PPRL: The Bridge of San Luis Rey, by Thornton Wilder (winner, 1928)

The Bridge of San Luis Rey is a blazingly smart and utterly absorbing little book; I only put it down once. Reading it is like descending an ornate spiral staircase, alongside which runs a wall filled with alcoves containing tiny, curious treasures. These artifacts call to you, so you pick them up and turn them over in your hands for a moment - but the lure of what lays at the bottom of the stairs is too great, so you keep going down, down, down. And when you reach the cellar you find yourself in a place that's at once totally strange but somehow comforting. You don't want to leave. You know you could learn a lot here.

It's just delightful. Wise, colorful, simple in scope but grand in effect, The Bridge of San Luis Rey is a goldmine for existentialist inquiry but never mind that - it's also just a really fun ride. No discussion questions this time, just a handful of annotated quotes:

"...authors always live in the noble weather of their own minds and those productions which seem remarkable to us are little better than a day's routine to them." (Oh to be such, to live and write as such.)

"She saw that the people of this world moved about in an armor of egotism, drunk with self-gazing, athirst for compliments, hearing little of what was said to them, unmoved by the accidents that befell their closest friends, in dread of all appeals that might interrupt their long communion with their own desires." (This was written in 1927. Nineteen twenty-seven. Prescient much, Thornton? #socialmedia)

"The glazed eyes moved to the girl's face. Pepita shook her gently. With great effort Dona Maria tried to fix her mind on what was being said to her. Twice she lay back, refusing to seize the meaning, but at last, like a general calling together in a rain and by night the dispersed division of his army she assembled memory and attention and a few other faculties and painfully pressing her hand to her forehead she asked for a bowl of snow." (Best description of a hangover ever.)

"Now he discovered that secret from which one never quite recovers, that even in the most perfect love one person loves less profoundly than the other. There may be two equally good, equally gifted, equally beautiful, but may never be two that love one another equally well." (Ladies and gentlemen, Mr. Wilder, New Era romance columnist)

"He possessed the six attributes of the adventurer--a memory for names and faces, with the aptitude for altering his own; the gift of tongues; inexhaustible invention; secrecy; the talent for falling into conversation with strangers; and that freedom from conscience that springs from a contempt for the dozing rich he preyed upon."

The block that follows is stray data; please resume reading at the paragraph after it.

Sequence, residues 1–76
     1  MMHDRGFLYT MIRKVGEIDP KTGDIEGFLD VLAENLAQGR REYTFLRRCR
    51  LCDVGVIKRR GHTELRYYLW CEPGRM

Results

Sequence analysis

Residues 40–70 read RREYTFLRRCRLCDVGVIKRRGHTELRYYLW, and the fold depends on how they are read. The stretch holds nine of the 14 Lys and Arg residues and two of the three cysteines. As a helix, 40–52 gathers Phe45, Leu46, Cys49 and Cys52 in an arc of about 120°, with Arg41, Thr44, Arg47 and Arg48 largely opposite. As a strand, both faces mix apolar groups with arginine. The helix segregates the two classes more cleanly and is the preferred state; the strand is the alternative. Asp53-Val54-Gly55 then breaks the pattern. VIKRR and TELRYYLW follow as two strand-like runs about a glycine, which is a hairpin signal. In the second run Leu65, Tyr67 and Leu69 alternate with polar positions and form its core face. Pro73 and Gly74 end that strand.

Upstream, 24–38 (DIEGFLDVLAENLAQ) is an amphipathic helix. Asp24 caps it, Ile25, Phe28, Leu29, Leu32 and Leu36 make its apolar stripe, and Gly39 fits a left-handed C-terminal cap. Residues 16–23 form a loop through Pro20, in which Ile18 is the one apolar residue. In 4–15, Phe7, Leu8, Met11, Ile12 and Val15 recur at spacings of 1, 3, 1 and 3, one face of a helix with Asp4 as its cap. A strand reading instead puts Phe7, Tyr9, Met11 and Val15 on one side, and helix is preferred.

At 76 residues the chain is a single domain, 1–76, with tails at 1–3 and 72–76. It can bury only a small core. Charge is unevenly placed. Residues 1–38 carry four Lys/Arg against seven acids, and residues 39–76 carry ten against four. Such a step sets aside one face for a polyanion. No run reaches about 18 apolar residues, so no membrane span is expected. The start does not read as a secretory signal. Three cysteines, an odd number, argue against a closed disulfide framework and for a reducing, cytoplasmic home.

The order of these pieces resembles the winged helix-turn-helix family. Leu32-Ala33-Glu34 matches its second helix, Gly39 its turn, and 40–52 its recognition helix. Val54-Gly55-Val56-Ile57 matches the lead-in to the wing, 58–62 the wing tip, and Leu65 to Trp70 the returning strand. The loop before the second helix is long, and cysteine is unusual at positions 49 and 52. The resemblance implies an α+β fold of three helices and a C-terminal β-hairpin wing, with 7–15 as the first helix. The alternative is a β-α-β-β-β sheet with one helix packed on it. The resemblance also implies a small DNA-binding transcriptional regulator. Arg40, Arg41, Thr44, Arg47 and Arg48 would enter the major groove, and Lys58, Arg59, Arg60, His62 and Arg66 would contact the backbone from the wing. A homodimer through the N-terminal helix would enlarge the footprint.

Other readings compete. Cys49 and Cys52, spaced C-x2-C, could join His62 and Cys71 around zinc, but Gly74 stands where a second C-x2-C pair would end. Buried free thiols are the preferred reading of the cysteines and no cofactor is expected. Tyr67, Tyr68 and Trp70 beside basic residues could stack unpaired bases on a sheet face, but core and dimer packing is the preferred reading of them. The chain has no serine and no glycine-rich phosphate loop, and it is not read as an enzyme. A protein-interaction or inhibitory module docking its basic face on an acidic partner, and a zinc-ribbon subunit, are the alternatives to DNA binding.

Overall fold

"He respected the slight nervous shadow that crossed her face when he came too near her. But there arose out of this denial itself the perfume of a tenderness, that ghost of passion which, in the most unexpected relationship, can make even a whole lifetime devoted to irksome duty pass like a gracious dream." (Nuanced, true, relatable, perfect.)

"He regarded love as a sort of cruel malady through which the elect are required to pass in their late youth and from which they emerge, pale and wrung, but ready for the business of living."

"Like all solitary persons he had invested friendship with a divine glamour; he imagined that the people he passed on the street, laughing together and embracing when they parted, the people who dined together with so many smiles--you will scarcely believe me, but he imagined that they were extracting from all that congeniality great store of satisfaction."

"She had accepted the fact that it was of no importance whether her work went on or not; it was enough to work. She was the nurse who tends the sick who never recover; she was the priest who perpetually renews the office before an altar to which no worshippers come." (She was the blogger who continued to publish even in the face of an ever more dismal Alexa-ranking...)

"But soon we shall die and all memory of those five will have left the earth, and we ourselves shall be loved for a while and forgotten. But the love will have been enough; all those impulses of love return to the love that made them. Even memory is not necessary for love. There is a land of the living and a land of the dead and the bridge is love, the only survival, the only meaning." (I told you - wise and delightful, and you won't want to leave.)